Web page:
1 Anna – Copper-Nickel (1912-1936) 
This copper-nickel coin, similar to the Edward VII One Anna coin introduced in 1906, was minted only in Bombay 1912-1920.It had no mint mark during these years. After not being minted for two years 1921-1922 minting was resumed at both mints, with the “dot” mint mark indicating the Bombay mint. The coin was again not minted in 1931-1932.

 

Types of Fancy Number Currency Notes

Types of Fancy Number Currency Notes Many notes come and go from your pockets and wallets, but we have never thought of the mysterious numbers hidden in them! To the naked eye, it would only appear as normal Indian notes. But if you apply certain logic to looking at them, you will be blown away with the kind of fancy numbers these notes can feature. Some notes are easy to find but make no sense until they are paired up or made into a set. Others are extremely rare and you need to be really lucky to have them with you! Apart from the numbers, they also have to be in the perfect condition. The rarity of the note also adds a special value to your collection. 

There are several types of fancy and unique numbered currency notes of India. Some are extremely rare and some pairs or sets take many years to be collected. Collecting paper money is an art and you need to have the eye for it. Finding logic in numbers is a skill and it can be mastered only with years of experience and practice. You not only need to have a sharp eye for numbers but also has to constantly be in touch with fellow collectors to complete your most favourite sets or pairs.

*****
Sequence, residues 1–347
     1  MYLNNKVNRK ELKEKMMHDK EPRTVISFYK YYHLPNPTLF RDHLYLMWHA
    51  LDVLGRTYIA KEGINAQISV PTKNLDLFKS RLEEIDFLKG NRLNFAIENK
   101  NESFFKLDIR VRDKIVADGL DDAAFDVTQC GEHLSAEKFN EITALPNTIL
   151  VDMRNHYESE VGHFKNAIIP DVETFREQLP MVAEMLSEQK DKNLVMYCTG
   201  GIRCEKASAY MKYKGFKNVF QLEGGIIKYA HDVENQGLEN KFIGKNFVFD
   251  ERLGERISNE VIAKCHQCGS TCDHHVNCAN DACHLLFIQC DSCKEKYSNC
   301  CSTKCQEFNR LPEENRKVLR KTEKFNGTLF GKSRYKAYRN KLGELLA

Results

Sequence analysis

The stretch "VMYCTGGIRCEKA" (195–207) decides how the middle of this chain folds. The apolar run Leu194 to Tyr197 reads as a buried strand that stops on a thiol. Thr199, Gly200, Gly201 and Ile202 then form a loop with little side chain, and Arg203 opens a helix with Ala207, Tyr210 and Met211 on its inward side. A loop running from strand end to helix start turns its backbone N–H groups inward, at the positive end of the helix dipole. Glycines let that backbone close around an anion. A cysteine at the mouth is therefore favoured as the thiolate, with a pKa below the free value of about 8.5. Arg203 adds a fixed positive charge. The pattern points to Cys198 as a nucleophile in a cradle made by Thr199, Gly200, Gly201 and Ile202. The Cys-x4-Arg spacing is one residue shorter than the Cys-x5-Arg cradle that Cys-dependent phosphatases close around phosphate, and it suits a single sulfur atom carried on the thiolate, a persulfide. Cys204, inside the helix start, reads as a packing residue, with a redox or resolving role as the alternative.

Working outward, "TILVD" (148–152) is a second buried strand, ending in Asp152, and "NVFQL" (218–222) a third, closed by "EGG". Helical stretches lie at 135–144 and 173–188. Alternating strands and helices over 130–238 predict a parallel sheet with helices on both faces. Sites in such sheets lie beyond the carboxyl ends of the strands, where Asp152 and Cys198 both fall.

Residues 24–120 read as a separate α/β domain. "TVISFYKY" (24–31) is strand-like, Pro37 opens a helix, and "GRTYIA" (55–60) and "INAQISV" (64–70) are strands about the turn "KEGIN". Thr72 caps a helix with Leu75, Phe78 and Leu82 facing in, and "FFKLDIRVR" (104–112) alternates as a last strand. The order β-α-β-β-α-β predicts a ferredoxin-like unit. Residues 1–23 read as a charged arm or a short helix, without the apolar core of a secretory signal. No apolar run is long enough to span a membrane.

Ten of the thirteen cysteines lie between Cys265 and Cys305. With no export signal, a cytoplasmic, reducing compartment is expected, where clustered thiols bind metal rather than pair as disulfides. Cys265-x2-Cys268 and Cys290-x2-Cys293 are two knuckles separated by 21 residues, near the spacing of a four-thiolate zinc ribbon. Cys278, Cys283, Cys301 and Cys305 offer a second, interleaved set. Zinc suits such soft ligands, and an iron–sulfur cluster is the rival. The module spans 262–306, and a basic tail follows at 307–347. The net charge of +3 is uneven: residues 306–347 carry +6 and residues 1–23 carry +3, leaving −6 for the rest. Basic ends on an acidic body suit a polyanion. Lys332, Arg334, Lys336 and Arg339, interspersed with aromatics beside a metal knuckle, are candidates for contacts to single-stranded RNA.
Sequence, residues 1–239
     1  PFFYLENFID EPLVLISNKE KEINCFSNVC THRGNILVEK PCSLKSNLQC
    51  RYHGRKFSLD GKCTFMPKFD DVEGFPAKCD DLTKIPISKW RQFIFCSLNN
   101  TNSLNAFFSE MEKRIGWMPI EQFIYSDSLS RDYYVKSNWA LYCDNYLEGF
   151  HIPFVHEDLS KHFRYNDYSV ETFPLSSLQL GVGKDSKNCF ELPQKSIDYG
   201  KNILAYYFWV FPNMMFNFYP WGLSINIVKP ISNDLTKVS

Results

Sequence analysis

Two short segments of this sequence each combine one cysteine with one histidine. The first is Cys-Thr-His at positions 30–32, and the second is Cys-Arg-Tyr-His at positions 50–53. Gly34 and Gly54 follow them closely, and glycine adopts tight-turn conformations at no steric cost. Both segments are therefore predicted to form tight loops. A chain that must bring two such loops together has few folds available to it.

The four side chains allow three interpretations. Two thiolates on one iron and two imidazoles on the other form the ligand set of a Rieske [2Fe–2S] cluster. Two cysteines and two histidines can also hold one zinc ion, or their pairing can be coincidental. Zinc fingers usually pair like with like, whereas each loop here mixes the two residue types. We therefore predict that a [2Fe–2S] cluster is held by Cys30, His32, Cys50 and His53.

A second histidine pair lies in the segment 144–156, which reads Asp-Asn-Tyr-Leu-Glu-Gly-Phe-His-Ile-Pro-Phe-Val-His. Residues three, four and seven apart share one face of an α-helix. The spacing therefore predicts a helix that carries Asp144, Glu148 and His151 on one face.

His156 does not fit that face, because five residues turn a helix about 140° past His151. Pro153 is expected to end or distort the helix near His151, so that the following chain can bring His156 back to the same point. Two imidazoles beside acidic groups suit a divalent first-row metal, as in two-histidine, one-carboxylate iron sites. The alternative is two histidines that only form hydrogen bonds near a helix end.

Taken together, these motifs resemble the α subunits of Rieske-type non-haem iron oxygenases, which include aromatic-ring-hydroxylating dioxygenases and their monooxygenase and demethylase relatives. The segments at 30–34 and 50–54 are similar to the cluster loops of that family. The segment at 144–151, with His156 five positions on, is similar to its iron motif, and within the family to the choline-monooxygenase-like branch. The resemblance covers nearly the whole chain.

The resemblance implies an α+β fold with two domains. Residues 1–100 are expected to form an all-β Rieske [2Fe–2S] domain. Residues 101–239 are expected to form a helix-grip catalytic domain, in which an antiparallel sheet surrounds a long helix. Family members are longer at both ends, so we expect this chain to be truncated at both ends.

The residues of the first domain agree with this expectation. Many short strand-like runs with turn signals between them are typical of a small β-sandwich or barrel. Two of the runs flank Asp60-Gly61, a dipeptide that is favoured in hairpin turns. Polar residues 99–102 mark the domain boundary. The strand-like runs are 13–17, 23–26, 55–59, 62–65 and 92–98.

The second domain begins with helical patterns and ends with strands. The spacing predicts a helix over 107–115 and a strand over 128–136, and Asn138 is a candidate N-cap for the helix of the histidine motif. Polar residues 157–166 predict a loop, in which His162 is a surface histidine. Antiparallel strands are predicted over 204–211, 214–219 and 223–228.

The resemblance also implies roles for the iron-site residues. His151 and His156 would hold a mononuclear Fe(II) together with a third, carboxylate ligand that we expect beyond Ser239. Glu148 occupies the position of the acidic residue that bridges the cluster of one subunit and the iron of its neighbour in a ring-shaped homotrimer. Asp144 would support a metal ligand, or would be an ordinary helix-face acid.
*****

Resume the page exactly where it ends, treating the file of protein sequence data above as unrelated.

It’s only with keen observation, persistence and patience that you can collect your desired notes. They say that beauty lies in the eyes of the beholder. The same holds true in the field of Notaphily as well. Unique numbers lie in the eyes of a true collector! 

Solid Number

When all digits on the serial number is the same like “11111″ or “22222″ they are termed as solid numbers. When these notes are Vintage, they become even more special. Fun fact: Back in 1918 10 Rupees would make up for an entire year’s salary. Now isn’t that so cool! 

Super Solid Number

Super sold number notes are the ones which have the same digit in the prefix as well as the serial number. For example, a note featuring the number ’55 555555’, 2 fives in the prefix and 6 fives in the serial number. The rarity is such that one of these notes would come in 10 crore notes. Only 11 such 10 Rs. notes and 13 such 5 Rs. notes were printed in 1950. 

Ultimate Note

An ultimate note is the one whose inset letters also look like the digits that are present on the prefix and the serial numbers. For example if the inset letter and the prefix alphabet is “B” which looks like the number 8 and the serial number consist of all eights, such a note would be called an Ultimate note. Different logic can also be applied to the inset letters and prefix letters to arrive at a conclusion. For example, if the prefix alphabet is “R”. R is the 18th letter in the string of alphabets. Numerologically, 18 makes 1+8 which equals to 9 as well!